I’m hoping to get a post or two in during the conference, so stay tuned for more!
I spent much of today working on my presentation about the Open Dinosaur Project for ScienceOnline2010. The hope is to post the full thing in some form after the meeting; in the meantime, here’s a working outline for the talk:
- Brief introduction to the ODP and what I’ll be discussing
- Paleontology as a historically (and sometimes necessarily) secretive field, due to issues of fossil poaching, worries about calling “firsties” on an idea or discovery, stipulations from funding agencies, etc.
- The rise of open access literature (with its body of untapped data), as well as an interested and savvy community of non-professionals, makes now a great time to attempt something new
- The team of Farke, Taylor, and Wedel started the Open Dinosaur Project in order to set a precedent for open notebook science within paleo, involve all sorts of people in the science, do some great paleo research on ornithischians, and assemble a database for use by others
- Brief background on what an ornithischian is, and why we care about their limb bones
- Brief outline of how we got the word out about the project
- Brief introduction to you, the participants, and all of the work we’ve accomplished in a short time
- Potential problems in data mining the literature, and how we’ve worked around them
- An overview and demo of the data collection and verification process
- Next steps: analysis, paper writing, and publication
- What’s worked well, and what we hope to improve
- Conclusion and acknowledgments
Right now, we have about 33 slides and the whole thing takes about 13 or 14 minutes to run through. I’m hoping to smooth things out over the next few days, to bring it in around 12 minutes. The time slot is 15 minutes total, so ideally I want a 12 minute talk with 3 minutes for questions.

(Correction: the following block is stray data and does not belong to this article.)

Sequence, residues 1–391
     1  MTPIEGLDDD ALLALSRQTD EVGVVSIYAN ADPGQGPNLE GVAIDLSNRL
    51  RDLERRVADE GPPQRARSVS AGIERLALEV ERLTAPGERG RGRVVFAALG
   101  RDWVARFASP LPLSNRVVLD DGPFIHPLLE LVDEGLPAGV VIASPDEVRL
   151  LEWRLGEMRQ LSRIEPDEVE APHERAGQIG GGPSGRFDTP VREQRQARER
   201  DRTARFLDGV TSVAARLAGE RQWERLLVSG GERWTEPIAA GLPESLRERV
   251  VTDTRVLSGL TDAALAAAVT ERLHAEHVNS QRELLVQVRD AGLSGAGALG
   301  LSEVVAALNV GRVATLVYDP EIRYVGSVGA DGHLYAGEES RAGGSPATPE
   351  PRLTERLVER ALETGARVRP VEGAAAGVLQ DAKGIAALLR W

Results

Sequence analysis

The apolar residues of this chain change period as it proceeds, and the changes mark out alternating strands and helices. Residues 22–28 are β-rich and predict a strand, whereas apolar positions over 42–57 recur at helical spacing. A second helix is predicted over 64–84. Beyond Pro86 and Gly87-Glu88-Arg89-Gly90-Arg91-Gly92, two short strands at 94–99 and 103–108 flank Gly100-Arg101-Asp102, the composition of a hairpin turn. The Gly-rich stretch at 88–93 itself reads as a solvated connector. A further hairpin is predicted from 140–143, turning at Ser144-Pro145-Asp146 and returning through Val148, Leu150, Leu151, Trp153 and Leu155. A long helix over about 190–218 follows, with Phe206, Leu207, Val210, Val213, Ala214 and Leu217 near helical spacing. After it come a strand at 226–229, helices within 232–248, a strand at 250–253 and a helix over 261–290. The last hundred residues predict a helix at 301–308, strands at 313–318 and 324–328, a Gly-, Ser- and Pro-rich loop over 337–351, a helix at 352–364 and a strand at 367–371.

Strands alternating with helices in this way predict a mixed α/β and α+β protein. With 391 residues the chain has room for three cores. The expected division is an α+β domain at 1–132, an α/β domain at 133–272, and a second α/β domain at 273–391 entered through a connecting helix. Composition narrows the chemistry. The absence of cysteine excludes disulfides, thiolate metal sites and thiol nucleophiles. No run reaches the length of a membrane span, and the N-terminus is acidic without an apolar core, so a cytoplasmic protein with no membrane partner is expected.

Bora asked if I’ll be bringing a dinosaur bone along with me. . .sadly, it probably won’t happen.
As mentioned awhile back, I will be presenting on the Open Dinosaur Project at ScienceOnline2010, an annual collection of science bloggers, researchers, and the like. The conference is small (~250 participants), and features sessions ranging from podcasts to online civility to citizen science. My presentation (more of a demo/presentation) is on Saturday during the 2 – 3:05 pm session (of course, I am only one of several presenters during that time). Apparently, this session will be streamed live, recorded and available on YouTube, and simulcast on Second Life (check out A Blog Around the Clock for more details – I’ll post further information here when we get closer to the conference).
Because this is an open project, I want to involve the project participants as much as possible. Here’s what you can do:
- Drop me an email or post a comment here describing your experience with the ODP. Some questions you could address include: 1) How did you find out about the ODP? 2) What has worked well for you as a participant? 3) What hasn’t worked as well for you? 4) Have you participated in other citizen science projects before? 5) Why did you decide to participate?
- Participate from SecondLife or via the chat room with the live video screen. Apparently there will be opportunities to ask questions via these venues, too.
I’ll hopefully have an early draft of the presentation available later this week! Stay tuned for details.
With the holidays, things have been a little quiet on the ODP front. But, work chugs on behind the scenes. We now have over 1,500 verified entries! There are 155 unverified entries in the queue – if anyone is bored, there’s still plenty to do. The target date to finish the data collection phase is still February 1, and some clades (ceratopsians and pachycephalosaurs) are nearly completely wrapped up. After February 1, things will get really exciting!